Looking from our rig towards the boats.

Off to the right as you enter the gate is this area where travellers not needing power can park up for $15/night. It's probably a lot busier here in the summer. Yogi's is the building immediately to the right of the caravan. The ablutions block is behind Yogis.

StellaGrant and Bronnie's boat. We can see her from our bedroom and lounge windows.

Across from Stella . . .

. . . and rotating right (you'll notice the boat on the very left is the same as the one in the photo above).

All the ramps down to the boats are protected with these locked gates and CCTV security cameras. That's Stella hidden behind the gate.

There're a couple of eastern rosellasaka rosella parakeetsthat must live around here. We've seen them more than once, foraging on the ground outside our rig.

This cute kingfisher is a change from the ever-present seagull.
I saw a beautiful pheasant one day, up on a little grassy hill just behind our rig; but he was too crafty for me and saw me coming with my camera.

There's been a lot of rain around here but today the sun was shining, so we thought we'd go for a short walk around to the entrance of the marina. There're a lot of boats moored up here!



There it iswhere the boats exit. Note this catamaran cruising along. We followed it and took a few more photos as it made its way out of the entrance.


Auckland City in the distance over the water.

There's a small beach at the end of the track we were walking along. Matakana Island is in the distance to the left.

The catamaran again, this time with its sail up and with Auckland City as a backdrop.

Walking back . . . this is the track we were wandering along. Water on one side and bush and trees on the other. There was quite a bit of gorse down here; obviously not a tourist spot.

The tenacity of trees in the face of crumbling foundations fascinates me, especially huge ones like this. You can see a large branch has broken off near the base and is just hanging there.

There are some beautiful homes around this area. In the distance are Gulf Harbour buildings. These ones look like apartmentswe drive past them on the way back in to Whangaparoa; we'll have to explore!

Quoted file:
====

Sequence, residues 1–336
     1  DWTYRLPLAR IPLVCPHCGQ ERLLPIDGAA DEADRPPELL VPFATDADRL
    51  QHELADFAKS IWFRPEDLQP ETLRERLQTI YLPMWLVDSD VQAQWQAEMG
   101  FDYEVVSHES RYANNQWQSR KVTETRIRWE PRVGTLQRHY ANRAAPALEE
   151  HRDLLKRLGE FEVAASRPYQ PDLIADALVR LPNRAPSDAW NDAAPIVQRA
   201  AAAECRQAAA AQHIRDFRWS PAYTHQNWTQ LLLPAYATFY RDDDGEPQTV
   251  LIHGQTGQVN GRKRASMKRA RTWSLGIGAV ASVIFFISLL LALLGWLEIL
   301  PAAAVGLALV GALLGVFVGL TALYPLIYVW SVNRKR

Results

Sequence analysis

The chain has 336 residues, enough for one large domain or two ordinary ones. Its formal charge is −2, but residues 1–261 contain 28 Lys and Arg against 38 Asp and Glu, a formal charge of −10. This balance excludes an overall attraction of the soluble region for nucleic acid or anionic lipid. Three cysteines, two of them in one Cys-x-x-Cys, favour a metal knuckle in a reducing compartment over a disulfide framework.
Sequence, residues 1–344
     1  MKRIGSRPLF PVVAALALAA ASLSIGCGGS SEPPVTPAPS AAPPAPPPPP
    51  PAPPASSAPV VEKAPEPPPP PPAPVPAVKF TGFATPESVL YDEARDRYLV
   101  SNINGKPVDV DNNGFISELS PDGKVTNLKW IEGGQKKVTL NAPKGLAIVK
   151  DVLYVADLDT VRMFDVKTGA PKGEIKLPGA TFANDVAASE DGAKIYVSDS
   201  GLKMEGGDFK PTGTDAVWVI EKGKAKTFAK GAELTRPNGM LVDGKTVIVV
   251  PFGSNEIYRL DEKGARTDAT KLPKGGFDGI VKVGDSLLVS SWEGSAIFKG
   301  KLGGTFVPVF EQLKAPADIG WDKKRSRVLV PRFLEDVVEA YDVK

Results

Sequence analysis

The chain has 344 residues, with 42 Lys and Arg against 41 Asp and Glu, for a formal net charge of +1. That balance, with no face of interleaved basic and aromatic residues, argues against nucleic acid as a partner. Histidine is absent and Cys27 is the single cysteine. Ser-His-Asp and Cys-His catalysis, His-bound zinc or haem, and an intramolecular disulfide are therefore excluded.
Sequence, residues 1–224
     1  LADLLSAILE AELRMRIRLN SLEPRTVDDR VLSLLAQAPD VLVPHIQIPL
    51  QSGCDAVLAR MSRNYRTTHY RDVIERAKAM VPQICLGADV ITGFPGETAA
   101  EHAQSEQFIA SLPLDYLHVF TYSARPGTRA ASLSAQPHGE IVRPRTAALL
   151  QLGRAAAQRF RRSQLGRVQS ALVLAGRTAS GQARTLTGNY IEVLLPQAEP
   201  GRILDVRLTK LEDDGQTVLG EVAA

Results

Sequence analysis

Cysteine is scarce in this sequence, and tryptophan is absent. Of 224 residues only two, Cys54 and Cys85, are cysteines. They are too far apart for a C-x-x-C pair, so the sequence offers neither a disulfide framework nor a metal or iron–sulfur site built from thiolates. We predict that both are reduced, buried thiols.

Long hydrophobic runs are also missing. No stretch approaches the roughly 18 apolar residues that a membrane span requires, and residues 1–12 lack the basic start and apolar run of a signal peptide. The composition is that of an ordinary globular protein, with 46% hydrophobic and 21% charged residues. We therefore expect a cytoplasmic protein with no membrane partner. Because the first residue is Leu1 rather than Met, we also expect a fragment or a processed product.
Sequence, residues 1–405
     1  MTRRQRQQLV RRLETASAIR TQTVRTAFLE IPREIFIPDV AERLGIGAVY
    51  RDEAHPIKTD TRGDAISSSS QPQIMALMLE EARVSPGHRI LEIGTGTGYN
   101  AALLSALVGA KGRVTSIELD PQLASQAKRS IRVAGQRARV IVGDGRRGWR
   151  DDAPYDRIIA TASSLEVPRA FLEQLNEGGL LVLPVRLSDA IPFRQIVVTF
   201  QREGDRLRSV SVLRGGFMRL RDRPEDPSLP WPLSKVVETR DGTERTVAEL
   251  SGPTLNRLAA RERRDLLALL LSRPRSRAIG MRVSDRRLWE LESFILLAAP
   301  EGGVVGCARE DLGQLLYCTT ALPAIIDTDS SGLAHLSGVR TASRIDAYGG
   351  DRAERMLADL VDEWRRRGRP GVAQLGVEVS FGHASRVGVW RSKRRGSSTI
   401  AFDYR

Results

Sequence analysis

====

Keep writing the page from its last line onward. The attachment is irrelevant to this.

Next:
A closer view.

Our TV is temporarily fixed. After several hours of trying to identify the problem (pulling out controllers, emptying cupboards so the wiring under the base could be checked, etc.), both guysyes, by now there were two of them on the jobdecided the interference was being caused by the proximity of our modem to the wiring controlling our TV. Things work well if the modem is moved down to the floorwhich is bearable while we're plugged in to power as we have a power outlet down lowbut when we get back on the road again, we'll need to have it hardwired. Next week, they're planning to come back and try another couple of modems to see if we can find something that's compatible. It's just as well we're staying here; but we're not looking forward to seeing their bill.


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Thursday, 5 July 2018

A Bird's Paradise


Lately we've been busy sorting out a few issues with our rig, surviving the wet, cold weather, and spending time with friends and family. Hence, there's not been so much time for photography and blog posts.

This post is a tribute to our wonderful friends, Garth and Helen, who have created this wee paradise for birds in a section of their garden in Taranaki. You can watch the birds from the kitchen window as they enjoy the banquet laid before them. First the sugar water . . .

This bottle can be replenished several times a day. I think I recall Garth saying the birds could swig their way through a bottle in under an hour! In one of my photos we counted 11 waxeyes. Also known as silvereye, white-eye, blight-bird, tauhou, silver-eye and wax-eye. Rather confusing, but a cute little bird. You should be able to count nine in this photo below. (And at least nine in the photo above as well. Don't miss the little fella in the bottom right waiting for his turn).

This shows the entire bottle. It works on a gravity feed system.

After the entree, the main course. A whole loaf of bread fits into this structure. Notice how the waxeyes manage to fit their entire head and shoulders through the netting. 


Look mum, one "hand"!

A picture showing the bread holder Garth built. 
(The plastic blue lid on top has no significance.)

And lastly, dessert. Helen makes these moulds of fat and wild bird seed. They also scatter bird seed on the ground for the birds. This time there's a green finch joining the waxeye. Apparently, other finches often come to visit, but on the day I was there, these were all that arrived.

Three birds! A waxeye, a green finch in the background, and a sparrow.

Some close-ups of the cute little waxeyes.